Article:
A California Senate Committee recently affirmed a law which, if enacted, would require public universities in California to provide students with free access to “the abortion pill.”
According to CBN News, Senator Connie Leyva, D-Chino, proposed the legislation, known as SB 24, in December 2018. The bill passed out of the Senate Health Committee last week by a vote of 7-3.
If passed, the bill would require student health care clinics at California State University and University of California campuses to “offer abortion by medication techniques” beginning January 1, 2023. In addition, it would create the “College Student Health Center Sexual and Reproductive Health Preparation Fund” which would provide grants to the student health clinics so they can make the necessary upgrades they need to provide the services.
According to the Daily Californian, Leyva characterized the bill as “an important step toward ensuring the right to abortion is available to all Californians and that our college students don’t face unnecessary barriers.” She continued, “Students should not have to travel off campus or miss class or work responsibilities in order to receive care that can easily be provided at a student health center.”
The text of the bill declares that “Students seeking early pregnancy termination, especially those at institutions outside of major urban areas, face prohibitively expensive travel, often without reliable means of transportation, to a clinic that may require hours of travel from their campus, out of their city, county, or even geographic region.” In addition, it says that, “It is the intent of the Legislature that public university health centers make abortion by medication techniques as accessible and cost effective as possible, and thus public university student health centers should treat abortion by medication techniques as a basic health service.”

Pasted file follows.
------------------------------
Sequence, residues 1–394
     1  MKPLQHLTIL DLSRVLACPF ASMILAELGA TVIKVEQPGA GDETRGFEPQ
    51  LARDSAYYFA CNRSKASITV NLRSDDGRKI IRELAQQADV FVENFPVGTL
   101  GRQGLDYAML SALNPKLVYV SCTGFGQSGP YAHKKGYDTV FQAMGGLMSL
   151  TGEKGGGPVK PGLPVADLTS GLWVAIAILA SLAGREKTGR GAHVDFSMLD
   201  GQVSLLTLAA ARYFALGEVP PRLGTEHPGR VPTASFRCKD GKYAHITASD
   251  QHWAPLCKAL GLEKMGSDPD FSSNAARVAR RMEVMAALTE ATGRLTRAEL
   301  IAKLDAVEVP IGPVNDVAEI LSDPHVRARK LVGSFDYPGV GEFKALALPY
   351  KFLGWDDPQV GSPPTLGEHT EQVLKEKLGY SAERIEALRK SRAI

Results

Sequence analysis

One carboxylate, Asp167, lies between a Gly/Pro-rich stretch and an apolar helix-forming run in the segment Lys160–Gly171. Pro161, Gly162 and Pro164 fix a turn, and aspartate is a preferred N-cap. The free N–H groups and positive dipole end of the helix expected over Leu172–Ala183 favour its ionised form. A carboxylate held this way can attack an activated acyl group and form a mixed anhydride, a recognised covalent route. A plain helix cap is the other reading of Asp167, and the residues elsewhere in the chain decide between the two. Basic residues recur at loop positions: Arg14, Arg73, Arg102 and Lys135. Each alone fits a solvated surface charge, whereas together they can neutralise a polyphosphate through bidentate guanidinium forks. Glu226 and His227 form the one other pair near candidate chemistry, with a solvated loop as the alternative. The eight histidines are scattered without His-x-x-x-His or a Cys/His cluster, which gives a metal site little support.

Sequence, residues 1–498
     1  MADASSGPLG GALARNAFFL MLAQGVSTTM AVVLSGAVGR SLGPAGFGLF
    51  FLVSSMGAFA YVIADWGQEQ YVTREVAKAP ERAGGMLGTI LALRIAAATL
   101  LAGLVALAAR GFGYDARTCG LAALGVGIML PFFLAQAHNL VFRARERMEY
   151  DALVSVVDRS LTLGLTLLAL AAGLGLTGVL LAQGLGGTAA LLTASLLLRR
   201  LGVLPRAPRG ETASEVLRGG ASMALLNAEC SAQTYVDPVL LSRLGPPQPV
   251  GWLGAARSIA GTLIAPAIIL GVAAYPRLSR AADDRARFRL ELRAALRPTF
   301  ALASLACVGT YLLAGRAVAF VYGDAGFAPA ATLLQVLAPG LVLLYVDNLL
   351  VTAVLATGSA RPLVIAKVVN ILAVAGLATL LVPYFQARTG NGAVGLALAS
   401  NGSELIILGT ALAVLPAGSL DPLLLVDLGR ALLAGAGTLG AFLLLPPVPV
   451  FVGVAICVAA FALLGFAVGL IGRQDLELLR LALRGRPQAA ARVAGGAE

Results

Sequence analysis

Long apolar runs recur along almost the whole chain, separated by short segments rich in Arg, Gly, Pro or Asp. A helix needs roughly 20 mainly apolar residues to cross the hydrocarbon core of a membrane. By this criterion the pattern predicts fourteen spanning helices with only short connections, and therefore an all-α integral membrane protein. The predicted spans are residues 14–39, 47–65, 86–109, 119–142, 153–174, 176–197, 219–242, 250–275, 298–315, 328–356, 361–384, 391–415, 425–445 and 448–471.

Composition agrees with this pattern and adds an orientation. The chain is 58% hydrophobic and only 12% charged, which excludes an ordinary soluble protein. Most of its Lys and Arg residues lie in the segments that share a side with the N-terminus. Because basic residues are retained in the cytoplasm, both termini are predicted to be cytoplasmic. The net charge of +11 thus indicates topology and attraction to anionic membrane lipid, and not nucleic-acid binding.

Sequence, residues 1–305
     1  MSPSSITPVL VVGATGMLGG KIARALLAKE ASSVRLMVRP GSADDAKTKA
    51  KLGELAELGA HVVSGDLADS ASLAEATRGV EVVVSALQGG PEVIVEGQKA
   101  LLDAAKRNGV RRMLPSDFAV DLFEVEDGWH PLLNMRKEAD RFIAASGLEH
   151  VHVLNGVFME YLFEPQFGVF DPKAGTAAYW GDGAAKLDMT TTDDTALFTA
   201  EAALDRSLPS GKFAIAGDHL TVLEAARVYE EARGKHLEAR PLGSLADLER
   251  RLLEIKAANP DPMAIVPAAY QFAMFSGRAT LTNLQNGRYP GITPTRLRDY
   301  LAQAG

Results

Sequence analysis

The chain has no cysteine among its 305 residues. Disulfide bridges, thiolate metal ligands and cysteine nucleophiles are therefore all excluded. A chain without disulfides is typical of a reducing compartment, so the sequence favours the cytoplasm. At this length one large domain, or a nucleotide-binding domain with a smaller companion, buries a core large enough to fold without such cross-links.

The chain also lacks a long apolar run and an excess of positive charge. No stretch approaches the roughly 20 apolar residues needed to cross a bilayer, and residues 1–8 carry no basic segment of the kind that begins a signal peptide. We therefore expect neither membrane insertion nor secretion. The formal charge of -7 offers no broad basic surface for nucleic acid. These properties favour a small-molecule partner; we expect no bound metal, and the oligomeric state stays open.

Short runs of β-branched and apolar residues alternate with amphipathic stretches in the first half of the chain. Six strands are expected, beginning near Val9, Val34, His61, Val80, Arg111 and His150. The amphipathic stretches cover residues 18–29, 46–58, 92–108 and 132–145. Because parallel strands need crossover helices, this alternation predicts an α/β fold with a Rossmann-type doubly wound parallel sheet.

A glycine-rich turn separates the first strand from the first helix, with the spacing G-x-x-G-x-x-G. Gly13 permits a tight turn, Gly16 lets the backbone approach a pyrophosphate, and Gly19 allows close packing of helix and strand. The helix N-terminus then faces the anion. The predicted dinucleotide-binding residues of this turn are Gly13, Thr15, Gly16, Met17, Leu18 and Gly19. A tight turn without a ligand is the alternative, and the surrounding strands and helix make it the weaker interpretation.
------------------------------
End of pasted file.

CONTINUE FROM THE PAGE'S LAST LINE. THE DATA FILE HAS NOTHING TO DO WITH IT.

Medically induced abortions occur before the 10thweek of pregnancy, using the drugs Mifepristone/RU-486 and Misoprostol. This combination of drugs blocks progesterone and “works to empty the uterus by causing cramping and bleeding.” Almost one-third of abortions taking place before eight weeks use this method.
The Fresno Bee reports that pro-life advocates argue that providing these drugs could endanger students’ health. John V. Gerardi, the executive director of Right to Life of Central California, argued that these medicines come with serious side effects like “extreme pain, cramping, bleeding, passing massive blood clots, fever, infection, and more.” He also cited an FDA report which said that 22 women have died from medication-induced abortions and over 1,000 have been hospitalized.”
While the bill states that private monies will be used for implementation, Girardi believes it paves the way for taxpayers and tuition money to fund the program in the future. He said the bill “declined to add language closing off that possibility, and the program is only funded privately for a few years with no subsequent provision.”
The California Senate passed a similar bill last year, but Governor Jerry Brown vetoed it. SB 24 will go to the Senate Education Committee. Governor Gavin Newsome said he would sign the bill if it arrives on his desk.
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